Raising Hands (Continued)

Last time I wrote, it was about raising hands in worship (Link here). At the very end of the post I said I would challenge myself to raising my hands.

I started off in just my living room, all alone. Turned on the worship music and I raised my hands. It may have been one of the most awkward things I’ve ever done. I kept thinking to myself, this is so silly! But quickly I was reminded of that verse about King David after he was caught dancing before the Lord. David says this in 2 Samuel 6:22

I will become even more undignified than this, and I will be humiliated in my own eyes..

Something about that encouraged me. It brought me peace and joy. In that moment raising hands didn’t even seem like it was enough anymore, I wanted to do more! I began to embrace the silliness of it, because some how it brought me so much joy that I could worship God in that manner. I could fell God’s joy taking control of me.

I was excited to do it again, but next time not alone, but with others my age in the church.

When that time came, I was perfectly content keeping my hands in my pockets. I didn’t see the point again. I thought, maybe I will in the second half of worship. When the second half of worship came, again I was perfectly content with keeping my hands in my pocket.

I thought about worship. It bothered me that I knew exactly when a large group of people could raise their hands. I could predict on the beat when it would happen. There are certain worship cues that makes it happen. Sometimes it’s the progression of the drums beating faster, sometimes it’s the progression of the band playing louder. Sometimes it is triggered through certain words, such as “fire,” “heart,” “raised hands,” and etc.

It discouraged me.

I felt like worship time almost because a performance from the bands perspective. If we just do “this,” “this,” and “that,” than we will have people raising their hands and that will make our performance successful.

I honestly don’t think that’s the case, but in the moment, that is what I was being fed. I didn’t want to be a part of that system. I didn’t want to be manipulated to raise my hands. I didn’t want others to think I was raising my hands because of the progression of the drums, the loudness of the band, or even the stillness of the band. I didn’t want to be a part of the created experience.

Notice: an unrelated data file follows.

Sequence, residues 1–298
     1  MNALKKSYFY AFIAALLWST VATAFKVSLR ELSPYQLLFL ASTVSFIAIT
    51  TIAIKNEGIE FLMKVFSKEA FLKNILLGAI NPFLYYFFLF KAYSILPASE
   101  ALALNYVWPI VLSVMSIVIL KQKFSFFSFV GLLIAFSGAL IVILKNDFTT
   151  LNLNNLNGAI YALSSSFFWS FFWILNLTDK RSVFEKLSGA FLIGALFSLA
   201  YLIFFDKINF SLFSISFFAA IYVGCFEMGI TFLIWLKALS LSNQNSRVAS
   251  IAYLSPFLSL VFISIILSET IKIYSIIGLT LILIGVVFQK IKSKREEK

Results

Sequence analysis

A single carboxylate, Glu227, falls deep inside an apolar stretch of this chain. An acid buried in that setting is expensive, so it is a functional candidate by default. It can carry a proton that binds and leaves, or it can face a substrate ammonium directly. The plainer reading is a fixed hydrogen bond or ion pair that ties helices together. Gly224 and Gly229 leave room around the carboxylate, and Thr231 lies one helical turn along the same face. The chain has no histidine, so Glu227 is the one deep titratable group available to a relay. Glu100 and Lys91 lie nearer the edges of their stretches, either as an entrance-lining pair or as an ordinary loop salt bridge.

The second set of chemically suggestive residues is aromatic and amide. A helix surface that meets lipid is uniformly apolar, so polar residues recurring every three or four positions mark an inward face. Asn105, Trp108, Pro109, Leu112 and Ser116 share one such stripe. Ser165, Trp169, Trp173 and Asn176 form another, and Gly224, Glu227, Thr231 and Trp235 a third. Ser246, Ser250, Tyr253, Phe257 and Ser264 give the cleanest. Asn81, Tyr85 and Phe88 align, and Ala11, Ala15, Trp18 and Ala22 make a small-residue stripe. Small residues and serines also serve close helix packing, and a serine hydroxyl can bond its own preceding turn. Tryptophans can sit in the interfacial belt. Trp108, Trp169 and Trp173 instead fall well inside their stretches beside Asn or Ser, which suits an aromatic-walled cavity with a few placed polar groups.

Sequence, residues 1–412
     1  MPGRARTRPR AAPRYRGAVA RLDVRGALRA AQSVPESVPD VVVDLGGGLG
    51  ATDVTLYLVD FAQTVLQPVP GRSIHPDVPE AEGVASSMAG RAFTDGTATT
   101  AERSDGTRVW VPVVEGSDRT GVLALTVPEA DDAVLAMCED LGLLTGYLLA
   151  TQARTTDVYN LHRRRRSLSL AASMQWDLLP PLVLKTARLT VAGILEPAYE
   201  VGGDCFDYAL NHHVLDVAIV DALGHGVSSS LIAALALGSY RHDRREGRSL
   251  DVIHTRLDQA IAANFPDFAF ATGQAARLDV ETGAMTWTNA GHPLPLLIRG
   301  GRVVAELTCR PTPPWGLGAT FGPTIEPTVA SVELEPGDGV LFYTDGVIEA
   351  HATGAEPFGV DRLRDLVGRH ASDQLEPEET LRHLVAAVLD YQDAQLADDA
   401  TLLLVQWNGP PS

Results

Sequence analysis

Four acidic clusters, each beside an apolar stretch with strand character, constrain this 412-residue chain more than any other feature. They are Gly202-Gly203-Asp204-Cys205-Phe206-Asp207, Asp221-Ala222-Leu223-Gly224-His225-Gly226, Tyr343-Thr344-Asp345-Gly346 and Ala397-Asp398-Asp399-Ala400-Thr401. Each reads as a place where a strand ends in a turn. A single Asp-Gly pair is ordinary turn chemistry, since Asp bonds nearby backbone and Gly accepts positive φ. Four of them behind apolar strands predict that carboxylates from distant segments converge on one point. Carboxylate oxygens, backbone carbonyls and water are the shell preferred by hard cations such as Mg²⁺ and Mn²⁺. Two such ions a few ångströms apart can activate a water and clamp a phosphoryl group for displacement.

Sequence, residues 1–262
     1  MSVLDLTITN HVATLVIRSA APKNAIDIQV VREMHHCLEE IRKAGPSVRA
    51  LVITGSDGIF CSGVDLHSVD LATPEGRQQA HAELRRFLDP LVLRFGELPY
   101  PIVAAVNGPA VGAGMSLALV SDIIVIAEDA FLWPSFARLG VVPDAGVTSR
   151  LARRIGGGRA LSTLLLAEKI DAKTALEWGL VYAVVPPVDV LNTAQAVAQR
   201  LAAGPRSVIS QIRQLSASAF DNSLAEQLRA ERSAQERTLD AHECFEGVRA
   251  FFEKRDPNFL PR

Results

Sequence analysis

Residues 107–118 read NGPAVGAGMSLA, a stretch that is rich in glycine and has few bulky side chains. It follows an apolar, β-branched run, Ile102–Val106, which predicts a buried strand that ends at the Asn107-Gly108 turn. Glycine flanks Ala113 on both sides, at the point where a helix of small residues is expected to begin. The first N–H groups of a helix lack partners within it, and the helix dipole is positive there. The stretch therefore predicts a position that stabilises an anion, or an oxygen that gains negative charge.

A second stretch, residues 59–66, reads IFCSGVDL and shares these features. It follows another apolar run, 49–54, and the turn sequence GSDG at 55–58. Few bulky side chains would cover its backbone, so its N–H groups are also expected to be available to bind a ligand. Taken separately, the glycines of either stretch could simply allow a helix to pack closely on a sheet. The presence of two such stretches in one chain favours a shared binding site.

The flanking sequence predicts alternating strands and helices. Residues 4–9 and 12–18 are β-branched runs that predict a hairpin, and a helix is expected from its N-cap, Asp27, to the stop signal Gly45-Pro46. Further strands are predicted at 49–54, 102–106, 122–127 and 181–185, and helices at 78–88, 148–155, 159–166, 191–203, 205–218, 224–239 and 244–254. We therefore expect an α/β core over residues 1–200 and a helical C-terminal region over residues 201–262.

Pride had set up a wall to keep me from worshipping God. A wall so high I couldn’t see what worship was really about, about praising God for who He is. To be honest, I believe we most let go of control. After all, isn’t it the worship leaders job to get us to praise God? What I learned is that I need to let go of my pride, and my control, and hand it over, in this case, hand it over to the worship leader.

Let go.

It took me to the last couple songs to be reminded why I had even wanted to raise my hands in the first place, just to pray over the people. It took me a while. I kept thinking, “I don’t want to raise my hands now because I know everyone else will be.” or, “I don’t want to raise my hands now because there’s no reason to in this point of the song and I don’t want people to think I’m dumb.” Just back and forth, back and forth. The thing is, if I were to listen to those two statements, than I would never raise my hands, I would never do anything but sit back and watch everyone else.

Something promptly, and I finally took my head out of worship and I just started praying with raised hands. At first, again it was so incredibly weird. Not to mention, it takes a lot of strength to keep holding your arms up. But I did. I embraced the silliness of it. It didn’t take long before I couldn’t imagine praying any other way. As I finished my prayer, I kept my hands raised and enjoyed the rest of worship like so.

Embrace it. God is so great, the more you can let go and just let the ‘silliness’ take over, the better. Don’t hold back, let it go.

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